I cannot name a single friend or acquaintance who has not had their job impacted by COVID-19. Some had changes to hours, worked from home, had to take time off after becoming close contacts, or lost their job altogether. Through these changes, many of us have been forced to reinterpret our relationship with our employment.
I’ve worked two jobs throughout the pandemic and experienced a sizeable increase in hours at both, mainly due to an uptake in online orders and covering shifts for those with COVID. Especially since the June-October lockdown, my work has defined me.
My first job reopened as the Omicron variant was taking off. At this point, I was working 6-7 day weeks across both of my jobs whilst also juggling uni. A co-worker eventually tested positive and lo and behold, I was declared a close contact. This was followed by a three-hour wait at the RPA testing clinic and an agonising seven-day wait on my results.
Thankfully, the long workweeks meant I had enough money to tide me over while I waited for my results. Where a regular week would be filled with work, this one felt devoid of purpose. Perhaps unsurprisingly, this meant I spent a lot of time reflecting on who I am.
It’s not often you get an entire week away from work, and to my horror, I realised that I had no idea how to occupy my time outside of it.
So, I sat and waited. The first couple of days were okay; I read a lot, caught up on much-needed sleep, cleaned the kitchen twice, cooked, all the usual stuff. But by the time Monday rolled around, I was aching to be somewhere where things needed to get done, where I could be productive.
I called up each of my jobs and told them that I knew I was negative because of a friend in the healthcare system who could confirm my result. Despite my desperate pleas, I couldn’t go back without an official result.
I didn’t find either job fulfilling then, and I still feel that way now. The work is tedious and largely thankless but needed to get done by someone. Whether or not I was at work, I was unfulfilled. I suppose the only difference was that when I was working, at least I was paid to feel that way. That’s the catch-22.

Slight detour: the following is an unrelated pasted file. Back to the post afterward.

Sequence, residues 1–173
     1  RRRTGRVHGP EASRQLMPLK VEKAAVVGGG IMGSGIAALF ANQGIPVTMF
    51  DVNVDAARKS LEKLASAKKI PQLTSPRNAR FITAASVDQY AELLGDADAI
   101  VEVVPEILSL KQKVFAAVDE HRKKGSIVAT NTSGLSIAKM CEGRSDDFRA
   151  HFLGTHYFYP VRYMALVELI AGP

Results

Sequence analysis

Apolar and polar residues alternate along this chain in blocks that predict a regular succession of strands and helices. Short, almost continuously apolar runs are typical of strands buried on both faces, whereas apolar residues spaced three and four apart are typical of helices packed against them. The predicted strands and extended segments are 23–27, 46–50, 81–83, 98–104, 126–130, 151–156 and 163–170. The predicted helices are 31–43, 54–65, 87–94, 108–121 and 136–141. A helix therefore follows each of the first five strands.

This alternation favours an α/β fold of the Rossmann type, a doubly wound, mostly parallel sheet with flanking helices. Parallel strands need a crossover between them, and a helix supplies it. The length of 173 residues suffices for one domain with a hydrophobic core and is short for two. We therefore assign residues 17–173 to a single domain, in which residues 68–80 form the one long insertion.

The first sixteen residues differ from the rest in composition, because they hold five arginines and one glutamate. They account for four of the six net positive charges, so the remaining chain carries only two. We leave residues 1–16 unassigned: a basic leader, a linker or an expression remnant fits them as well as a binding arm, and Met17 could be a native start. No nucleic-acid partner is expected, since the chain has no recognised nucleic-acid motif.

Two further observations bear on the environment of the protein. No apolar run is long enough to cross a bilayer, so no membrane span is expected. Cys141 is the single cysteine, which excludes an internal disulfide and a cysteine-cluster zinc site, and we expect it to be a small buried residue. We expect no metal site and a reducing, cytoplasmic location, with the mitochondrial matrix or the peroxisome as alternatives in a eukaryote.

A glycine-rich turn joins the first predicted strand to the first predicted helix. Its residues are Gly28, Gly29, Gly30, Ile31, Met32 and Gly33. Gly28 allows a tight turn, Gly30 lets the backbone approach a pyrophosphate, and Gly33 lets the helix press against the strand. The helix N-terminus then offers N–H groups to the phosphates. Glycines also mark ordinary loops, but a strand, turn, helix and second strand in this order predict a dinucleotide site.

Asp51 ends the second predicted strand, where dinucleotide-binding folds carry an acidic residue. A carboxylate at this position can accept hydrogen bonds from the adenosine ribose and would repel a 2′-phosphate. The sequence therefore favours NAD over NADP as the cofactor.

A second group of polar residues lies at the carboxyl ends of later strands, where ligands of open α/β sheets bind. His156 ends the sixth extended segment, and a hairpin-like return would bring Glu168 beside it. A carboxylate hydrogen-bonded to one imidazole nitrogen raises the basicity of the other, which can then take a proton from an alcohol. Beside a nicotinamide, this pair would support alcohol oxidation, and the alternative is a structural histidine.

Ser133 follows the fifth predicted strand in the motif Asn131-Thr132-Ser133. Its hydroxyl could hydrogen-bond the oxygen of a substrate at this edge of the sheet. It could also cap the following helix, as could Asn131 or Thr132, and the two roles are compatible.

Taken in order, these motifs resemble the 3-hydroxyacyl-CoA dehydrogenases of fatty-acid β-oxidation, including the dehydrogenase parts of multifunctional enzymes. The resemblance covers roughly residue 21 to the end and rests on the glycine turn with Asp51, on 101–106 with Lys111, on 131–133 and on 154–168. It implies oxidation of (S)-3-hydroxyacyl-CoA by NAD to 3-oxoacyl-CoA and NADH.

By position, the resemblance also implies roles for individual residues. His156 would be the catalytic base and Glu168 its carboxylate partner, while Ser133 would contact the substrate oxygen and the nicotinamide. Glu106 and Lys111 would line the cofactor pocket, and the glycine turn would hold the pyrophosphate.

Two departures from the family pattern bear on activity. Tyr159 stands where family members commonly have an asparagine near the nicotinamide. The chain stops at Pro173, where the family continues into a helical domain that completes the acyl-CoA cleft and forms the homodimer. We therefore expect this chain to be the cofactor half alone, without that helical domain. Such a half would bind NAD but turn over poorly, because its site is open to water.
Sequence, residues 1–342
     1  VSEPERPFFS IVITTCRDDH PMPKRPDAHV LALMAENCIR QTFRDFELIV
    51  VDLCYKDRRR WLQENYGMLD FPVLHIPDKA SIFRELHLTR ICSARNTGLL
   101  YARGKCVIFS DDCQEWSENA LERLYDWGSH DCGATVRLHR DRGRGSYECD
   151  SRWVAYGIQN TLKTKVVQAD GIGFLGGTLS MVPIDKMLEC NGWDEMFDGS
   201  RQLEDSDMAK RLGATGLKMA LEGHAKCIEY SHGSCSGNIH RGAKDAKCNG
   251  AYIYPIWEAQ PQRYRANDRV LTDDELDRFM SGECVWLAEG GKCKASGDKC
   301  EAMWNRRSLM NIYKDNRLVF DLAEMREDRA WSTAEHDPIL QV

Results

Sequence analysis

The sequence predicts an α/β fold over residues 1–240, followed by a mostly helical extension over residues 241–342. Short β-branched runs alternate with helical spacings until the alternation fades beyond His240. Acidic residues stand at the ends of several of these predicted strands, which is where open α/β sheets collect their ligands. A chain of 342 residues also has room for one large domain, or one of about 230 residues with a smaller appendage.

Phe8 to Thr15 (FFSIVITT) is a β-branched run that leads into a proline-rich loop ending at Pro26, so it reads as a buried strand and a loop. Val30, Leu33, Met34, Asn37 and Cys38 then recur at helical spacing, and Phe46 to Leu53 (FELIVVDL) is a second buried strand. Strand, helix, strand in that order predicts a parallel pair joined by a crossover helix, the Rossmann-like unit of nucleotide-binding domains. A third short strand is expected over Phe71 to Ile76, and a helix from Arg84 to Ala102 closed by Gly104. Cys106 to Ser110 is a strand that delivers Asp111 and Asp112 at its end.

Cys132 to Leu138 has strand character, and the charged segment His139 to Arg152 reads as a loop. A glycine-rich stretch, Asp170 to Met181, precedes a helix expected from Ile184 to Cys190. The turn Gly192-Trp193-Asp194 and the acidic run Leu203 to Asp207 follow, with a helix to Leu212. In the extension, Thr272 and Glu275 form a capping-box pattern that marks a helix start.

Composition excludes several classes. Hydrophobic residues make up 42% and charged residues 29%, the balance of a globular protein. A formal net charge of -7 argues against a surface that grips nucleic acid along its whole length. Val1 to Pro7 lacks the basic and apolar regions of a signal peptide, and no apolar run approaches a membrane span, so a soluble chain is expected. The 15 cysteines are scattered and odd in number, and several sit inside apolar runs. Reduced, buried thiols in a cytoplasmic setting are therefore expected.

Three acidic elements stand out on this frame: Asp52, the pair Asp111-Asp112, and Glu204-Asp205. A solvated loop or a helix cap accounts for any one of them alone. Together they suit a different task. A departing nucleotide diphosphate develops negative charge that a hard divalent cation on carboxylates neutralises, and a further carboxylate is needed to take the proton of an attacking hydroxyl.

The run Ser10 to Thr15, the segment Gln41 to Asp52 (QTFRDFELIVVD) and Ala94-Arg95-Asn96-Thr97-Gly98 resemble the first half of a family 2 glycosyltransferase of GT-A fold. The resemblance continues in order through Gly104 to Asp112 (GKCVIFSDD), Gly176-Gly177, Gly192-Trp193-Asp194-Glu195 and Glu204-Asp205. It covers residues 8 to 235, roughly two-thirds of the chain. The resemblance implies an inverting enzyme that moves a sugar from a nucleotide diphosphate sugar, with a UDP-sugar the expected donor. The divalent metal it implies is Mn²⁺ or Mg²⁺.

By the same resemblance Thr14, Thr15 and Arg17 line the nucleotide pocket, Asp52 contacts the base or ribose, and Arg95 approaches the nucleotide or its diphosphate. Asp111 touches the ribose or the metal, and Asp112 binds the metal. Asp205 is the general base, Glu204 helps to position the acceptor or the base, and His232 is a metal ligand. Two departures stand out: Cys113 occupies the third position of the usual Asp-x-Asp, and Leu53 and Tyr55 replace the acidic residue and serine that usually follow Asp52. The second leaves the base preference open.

Unfortunately, late capitalism demands that we cling to our unfulfilling and thankless jobs even if we hate them because we are constantly reminded of how replaceable we are.
At a moment’s notice, I could be deemed no longer useful, no longer profitable, and have my position replaced by someone who is even more desperate for work than I am. Failing to make rent is dire but attaching your sense of purpose to precarious employment is insidious.
Each of the seven days I was out of work, I was missing a rostered shift, and every day I became more terrified of how unprofitable I was to each of my employers. Each night I clung to the hope I would wake up to the text from RPA. I needed to be useful again. In a time where stable employment feels unattainable, and every choice about how to earn an income feels like a lose-lose situation, it’s imperative that we seek out ways to define ourselves beyond our work.
I have taken up cooking and rekindled my love for art. It doesn’t have to be big – you don’t need to be the next Gordon Ramsay or Michelangelo while off the clock, but it must be enough to know that at the very core of your being, you are so much more than the profit you can generate.